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Policy Support and Governance
©Sebastian Liste/NOOR for FAO

Rural Poverty Reduction

Income inequality is growing worldwide, poverty levels remain unacceptably high, and the number of poor in Africa is increasing. The World Bank estimates that 767 million people live on less than $1.90 a day (2012).

Hunger and extreme poverty can be eliminated by 2030.

About 75% of the extreme poor live in rural areas. The agricultural sector, therefore has a key role to play in poverty reduction and improving rural livelihoods. 

FAO provides evidence-based policy support, statistics and program design for rural development. This work includes promoting inclusive economic growth; long-term support to the rural poor; social protection; empowerment of rural women; decent rural employment; equitable access to land and resources; and strengthening rural institutions. 

Key policy approaches include boosting social policies, particularly social protection; strengthening the capacity of producer organizations and rural institutions; and drastically increasing investment in rural infrastructure and pro-poor services to create new income generating opportunities.

Key policy messages

·        In low-income economies, GDP growth from agriculture is 2 to 3 times as effective in reducing poverty as GDP growth originating from other sectors. Investment in small-scale family farming and in the livelihoods of fishers, forest dwellers and herders, is an engine for sustainable poverty reduction.

·        Policies that support the productivity, profitability and ecological sustainability of small-scale family farming contribute to decent employment and rural poverty reduction. Other poverty reduction policy options include supporting non-agricultural rural sectors, providing social security measures and supporting the transition into alternative decent employment options.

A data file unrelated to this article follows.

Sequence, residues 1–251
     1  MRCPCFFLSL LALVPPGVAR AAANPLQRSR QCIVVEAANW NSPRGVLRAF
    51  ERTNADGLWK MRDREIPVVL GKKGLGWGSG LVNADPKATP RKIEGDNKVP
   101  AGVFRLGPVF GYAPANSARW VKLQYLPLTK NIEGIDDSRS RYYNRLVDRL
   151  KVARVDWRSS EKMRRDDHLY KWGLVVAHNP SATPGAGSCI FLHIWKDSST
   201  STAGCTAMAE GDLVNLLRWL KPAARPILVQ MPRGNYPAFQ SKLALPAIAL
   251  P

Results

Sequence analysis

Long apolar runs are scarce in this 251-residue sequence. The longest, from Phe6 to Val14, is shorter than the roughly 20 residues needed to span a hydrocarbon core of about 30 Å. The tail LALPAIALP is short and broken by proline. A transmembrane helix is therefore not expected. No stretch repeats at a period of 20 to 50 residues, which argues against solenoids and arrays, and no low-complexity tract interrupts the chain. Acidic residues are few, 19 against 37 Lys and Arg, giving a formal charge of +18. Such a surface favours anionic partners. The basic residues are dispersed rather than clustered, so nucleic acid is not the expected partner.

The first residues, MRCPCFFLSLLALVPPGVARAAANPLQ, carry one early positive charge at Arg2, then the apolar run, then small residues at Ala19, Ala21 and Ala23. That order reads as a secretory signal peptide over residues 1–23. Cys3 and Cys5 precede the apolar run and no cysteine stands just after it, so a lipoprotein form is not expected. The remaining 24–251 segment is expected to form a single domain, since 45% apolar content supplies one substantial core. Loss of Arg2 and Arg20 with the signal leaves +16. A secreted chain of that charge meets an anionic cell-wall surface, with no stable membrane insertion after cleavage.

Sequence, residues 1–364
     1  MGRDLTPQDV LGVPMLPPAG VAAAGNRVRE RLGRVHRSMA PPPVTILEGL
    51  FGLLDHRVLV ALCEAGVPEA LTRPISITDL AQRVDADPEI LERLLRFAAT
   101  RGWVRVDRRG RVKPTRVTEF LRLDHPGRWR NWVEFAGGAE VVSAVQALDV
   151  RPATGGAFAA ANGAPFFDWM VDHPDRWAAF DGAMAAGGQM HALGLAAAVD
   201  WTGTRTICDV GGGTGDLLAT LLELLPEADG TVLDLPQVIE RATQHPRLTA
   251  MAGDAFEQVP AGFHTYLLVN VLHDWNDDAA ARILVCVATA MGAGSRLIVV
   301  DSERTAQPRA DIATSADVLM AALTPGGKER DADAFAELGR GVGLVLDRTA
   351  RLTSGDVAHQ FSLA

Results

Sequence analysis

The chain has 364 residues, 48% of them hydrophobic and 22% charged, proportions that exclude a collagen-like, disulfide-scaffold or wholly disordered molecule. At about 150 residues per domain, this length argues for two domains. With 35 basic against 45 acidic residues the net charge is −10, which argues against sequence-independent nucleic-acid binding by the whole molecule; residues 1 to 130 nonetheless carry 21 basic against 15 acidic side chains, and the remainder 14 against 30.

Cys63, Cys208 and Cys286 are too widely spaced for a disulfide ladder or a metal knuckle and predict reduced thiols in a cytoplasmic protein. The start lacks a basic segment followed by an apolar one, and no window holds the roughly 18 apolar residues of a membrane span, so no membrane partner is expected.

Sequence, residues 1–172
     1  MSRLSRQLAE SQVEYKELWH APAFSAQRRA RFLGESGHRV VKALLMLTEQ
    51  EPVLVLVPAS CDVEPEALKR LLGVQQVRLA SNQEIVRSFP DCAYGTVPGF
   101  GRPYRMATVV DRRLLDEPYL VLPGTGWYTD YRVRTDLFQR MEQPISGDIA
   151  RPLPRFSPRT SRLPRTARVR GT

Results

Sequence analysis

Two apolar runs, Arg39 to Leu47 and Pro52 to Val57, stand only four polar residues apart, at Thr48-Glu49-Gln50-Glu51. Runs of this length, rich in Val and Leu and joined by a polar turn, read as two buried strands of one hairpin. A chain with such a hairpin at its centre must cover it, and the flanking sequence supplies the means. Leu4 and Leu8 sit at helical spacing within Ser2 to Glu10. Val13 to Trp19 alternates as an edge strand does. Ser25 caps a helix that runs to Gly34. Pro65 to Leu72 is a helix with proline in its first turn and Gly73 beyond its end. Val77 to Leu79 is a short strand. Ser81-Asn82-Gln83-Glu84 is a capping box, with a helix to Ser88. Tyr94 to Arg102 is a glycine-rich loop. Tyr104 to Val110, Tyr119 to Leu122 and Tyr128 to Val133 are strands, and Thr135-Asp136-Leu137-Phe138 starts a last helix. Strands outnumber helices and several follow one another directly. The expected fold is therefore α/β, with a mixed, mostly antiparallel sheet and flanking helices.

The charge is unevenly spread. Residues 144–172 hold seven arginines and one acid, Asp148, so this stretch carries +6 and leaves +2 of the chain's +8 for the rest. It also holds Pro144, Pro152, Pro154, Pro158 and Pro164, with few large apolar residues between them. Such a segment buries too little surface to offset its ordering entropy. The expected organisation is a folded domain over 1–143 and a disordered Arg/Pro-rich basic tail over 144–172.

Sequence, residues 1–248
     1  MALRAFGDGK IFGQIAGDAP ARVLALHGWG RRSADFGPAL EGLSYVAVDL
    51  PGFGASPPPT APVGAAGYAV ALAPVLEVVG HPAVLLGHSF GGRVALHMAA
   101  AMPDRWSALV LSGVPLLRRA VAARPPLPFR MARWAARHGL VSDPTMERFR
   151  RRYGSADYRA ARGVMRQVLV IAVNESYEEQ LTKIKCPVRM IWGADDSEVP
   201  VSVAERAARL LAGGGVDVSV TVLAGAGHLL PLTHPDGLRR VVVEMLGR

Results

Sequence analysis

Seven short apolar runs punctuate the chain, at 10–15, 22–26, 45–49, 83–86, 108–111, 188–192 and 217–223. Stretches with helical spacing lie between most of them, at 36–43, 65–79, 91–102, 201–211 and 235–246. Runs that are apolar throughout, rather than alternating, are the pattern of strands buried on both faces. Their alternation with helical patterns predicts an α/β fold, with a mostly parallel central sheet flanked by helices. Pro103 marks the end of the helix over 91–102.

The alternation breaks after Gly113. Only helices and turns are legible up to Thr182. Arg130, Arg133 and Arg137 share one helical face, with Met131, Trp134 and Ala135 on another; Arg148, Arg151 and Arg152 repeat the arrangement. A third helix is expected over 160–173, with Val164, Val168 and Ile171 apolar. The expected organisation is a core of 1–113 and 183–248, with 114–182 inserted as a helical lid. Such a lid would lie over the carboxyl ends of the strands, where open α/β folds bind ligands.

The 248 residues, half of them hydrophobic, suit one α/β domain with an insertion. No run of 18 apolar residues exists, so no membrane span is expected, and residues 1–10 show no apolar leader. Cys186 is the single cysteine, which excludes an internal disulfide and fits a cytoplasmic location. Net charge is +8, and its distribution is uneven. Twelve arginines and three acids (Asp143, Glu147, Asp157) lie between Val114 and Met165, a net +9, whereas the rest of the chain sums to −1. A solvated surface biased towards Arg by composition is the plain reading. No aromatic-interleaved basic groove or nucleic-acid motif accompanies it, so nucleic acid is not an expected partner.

·        Policies to reduce rural poverty must be harmonised and mutually supporting across government ministries, including not only agriculture but also public infrastructure and services, social affairs, employment, health, education and the environment.

·        Globally, 60% of employed women work in the agricultural sector. Policies to achieve rural poverty reduction must be gender-equitable and gender-sensitive and strengthen rural women’s economic empowerment.

·        Ending rural poverty is critical in order for Member Nations to achieve many of the Sustainable Development Goals (SDG) by 2030, and in particular Goal 1 on poverty and Goal 2 on hunger and food security. The SDGs call for leaving no one behind, and for FAO this means small fishers, forest dwellers, small family farms and herders, rural women and youth, and indigenous peoples.

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